The CEECA submission argues that an eight-per-cent increase next year would “finally close the gap between stipends and inflation and ensure that most clergy can maintain an acceptable standard of living on their stipend. . .

“We recognise that any increase to the NMS and NSB must be made on the basis that such increases are affordable and sustainable in the long term; and while we anticipate that the dioceses will seek a lower increase to both figures, we believe it is vital that the NMS rises by eight per cent next year even if the NSB increases at a lower rate. This will help restore future pension benefits to an adequate level following the recent inflationary period and will not unduly affect diocesan finances as dioceses set their basic stipend by reference to the NSB, not the NMS.”

The submission draws attention to the predicament of retiring clergy, noting that the initial pension received on entering retirement is calculated with reference to the NMS in the previous tax year: “The high rates of inflation over the past three years, and the inability of the NMS to keep up, have placed hundreds of clergy at a severe financial disadvantage as they approach retirement, compounding the reduction in clergy pension benefits brought in from 2011 and adding to the anxiety around future quality of life at this significant transitional moment.”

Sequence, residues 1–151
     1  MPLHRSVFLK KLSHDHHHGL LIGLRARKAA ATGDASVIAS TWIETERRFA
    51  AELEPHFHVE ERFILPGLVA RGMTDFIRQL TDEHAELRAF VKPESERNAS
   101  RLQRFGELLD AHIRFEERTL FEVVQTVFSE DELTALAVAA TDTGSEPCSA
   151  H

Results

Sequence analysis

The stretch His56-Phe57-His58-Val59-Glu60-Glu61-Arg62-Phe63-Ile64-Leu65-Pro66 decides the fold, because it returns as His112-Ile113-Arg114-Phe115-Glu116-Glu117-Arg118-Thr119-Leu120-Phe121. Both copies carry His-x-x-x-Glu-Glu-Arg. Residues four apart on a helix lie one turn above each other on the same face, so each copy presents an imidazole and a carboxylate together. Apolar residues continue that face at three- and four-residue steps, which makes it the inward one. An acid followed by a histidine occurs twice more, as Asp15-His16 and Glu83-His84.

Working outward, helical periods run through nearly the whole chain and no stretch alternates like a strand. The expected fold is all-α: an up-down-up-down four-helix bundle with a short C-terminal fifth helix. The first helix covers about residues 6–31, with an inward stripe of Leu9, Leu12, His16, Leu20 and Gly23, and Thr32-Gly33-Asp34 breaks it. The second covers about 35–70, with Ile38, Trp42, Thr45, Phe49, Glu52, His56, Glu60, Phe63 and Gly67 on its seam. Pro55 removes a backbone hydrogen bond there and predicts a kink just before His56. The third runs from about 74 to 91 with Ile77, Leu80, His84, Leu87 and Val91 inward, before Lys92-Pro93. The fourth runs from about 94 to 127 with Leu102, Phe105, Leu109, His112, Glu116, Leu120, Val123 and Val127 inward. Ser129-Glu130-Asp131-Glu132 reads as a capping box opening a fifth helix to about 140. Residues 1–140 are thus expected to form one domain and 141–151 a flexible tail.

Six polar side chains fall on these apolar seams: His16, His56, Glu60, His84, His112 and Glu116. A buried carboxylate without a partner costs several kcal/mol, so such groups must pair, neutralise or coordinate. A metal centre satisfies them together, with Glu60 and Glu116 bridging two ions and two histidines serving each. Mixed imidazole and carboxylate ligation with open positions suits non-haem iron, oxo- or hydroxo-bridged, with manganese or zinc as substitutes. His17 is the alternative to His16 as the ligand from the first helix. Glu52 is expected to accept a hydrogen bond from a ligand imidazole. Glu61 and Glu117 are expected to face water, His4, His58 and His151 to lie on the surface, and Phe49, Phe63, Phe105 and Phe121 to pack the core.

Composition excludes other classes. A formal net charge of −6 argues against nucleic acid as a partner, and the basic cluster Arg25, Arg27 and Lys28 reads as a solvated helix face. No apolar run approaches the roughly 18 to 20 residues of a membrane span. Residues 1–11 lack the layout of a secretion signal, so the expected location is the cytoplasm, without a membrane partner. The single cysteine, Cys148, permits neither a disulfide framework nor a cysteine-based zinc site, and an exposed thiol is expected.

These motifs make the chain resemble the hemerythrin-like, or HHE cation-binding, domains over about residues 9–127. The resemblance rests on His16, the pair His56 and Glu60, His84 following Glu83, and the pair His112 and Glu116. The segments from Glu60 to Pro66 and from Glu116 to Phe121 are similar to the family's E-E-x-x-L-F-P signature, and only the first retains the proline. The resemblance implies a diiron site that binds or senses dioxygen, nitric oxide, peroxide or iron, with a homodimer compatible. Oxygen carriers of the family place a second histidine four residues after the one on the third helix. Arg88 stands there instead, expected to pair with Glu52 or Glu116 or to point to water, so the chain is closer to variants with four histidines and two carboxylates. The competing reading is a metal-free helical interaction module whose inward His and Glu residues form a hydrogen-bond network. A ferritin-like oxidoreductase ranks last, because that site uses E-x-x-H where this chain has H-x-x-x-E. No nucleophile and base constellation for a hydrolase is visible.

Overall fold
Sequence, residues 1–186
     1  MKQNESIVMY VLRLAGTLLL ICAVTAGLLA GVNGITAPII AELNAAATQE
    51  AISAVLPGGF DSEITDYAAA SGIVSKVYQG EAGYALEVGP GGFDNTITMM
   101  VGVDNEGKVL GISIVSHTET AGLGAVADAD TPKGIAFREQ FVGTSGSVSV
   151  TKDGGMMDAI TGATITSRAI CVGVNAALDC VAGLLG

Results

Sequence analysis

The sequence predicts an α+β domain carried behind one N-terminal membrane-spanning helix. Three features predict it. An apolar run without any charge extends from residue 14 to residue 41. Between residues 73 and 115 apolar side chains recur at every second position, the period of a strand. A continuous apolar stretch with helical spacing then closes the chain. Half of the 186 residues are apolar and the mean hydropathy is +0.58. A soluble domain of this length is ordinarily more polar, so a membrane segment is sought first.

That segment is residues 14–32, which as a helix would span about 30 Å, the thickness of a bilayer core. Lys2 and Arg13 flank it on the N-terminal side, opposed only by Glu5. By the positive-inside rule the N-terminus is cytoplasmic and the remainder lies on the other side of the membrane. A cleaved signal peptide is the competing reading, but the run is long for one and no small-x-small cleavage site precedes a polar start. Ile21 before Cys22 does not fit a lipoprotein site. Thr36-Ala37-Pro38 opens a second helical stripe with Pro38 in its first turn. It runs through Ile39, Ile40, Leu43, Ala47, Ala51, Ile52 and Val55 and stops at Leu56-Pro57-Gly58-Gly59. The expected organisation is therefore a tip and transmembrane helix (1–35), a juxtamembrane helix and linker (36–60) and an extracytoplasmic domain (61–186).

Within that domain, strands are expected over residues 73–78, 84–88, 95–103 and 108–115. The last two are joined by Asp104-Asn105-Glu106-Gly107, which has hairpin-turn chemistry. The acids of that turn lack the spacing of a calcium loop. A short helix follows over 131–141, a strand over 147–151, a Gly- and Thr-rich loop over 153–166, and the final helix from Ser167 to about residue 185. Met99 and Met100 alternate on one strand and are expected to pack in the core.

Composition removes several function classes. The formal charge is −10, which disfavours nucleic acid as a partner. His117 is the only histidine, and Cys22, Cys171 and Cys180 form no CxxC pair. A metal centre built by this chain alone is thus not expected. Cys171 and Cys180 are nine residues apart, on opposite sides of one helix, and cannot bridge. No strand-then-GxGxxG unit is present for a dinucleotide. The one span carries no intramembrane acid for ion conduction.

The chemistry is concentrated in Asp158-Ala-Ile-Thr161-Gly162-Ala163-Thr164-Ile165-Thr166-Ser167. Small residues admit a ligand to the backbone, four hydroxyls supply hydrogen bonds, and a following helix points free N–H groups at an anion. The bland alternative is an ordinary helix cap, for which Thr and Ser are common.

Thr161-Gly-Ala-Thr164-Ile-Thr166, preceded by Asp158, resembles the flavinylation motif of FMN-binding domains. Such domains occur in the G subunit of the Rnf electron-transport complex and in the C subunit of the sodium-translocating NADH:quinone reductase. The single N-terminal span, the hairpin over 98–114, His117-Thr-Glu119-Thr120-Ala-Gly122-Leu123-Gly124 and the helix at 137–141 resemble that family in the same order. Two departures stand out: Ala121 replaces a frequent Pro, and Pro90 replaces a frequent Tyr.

It warns: “There is a growing sense among frontline clergy that institutional expectations are adding to the pressures of ministry without proper reciprocal care and support, fuelling a broader perception that their work and calling is no longer understood or valued by the institutional Church.

“If this perception and its root causes are left unchecked, then distrust and disillusionment among stipendiary clergy will only increase alongside stress and burnout, curtailing many fruitful ministries and the wider mission of the Church of England.”

The submission concludes by reiterating CEECA’s proposal of a dedicated fund “created from money provided by the Church Commissioners to supplement diocesan stipends bills where this is necessary to ensure all clergy in every diocese receive an adequate stipend”. An annual cost of £10 million to £15 million is estimated: “less than 0.15 per cent of the Commissioners’ total investment fund.”

In the General Synod in February, the Revd Dr Ian Paul introduced a private members’ motion calling for restoration of the clergy pension to its pre-2011 benefit level (News, 1 March). Introducing it, he noted that the NMS had fallen by ten per cent between 2009 and 2019 against the Retail Price Index, while the Commissioners’ assets had grown “significantly” to £10 billion.

The motion as carried incorporated an amendment from the chair of the Archbishops’ Council’s Finance Committee, Carl Hughes, which asked the Council, the Pensions Board, and the Commissioners to “work together with dioceses to explore ways in which the level of clergy pensions and stipends might be improved in a sustainable manner”.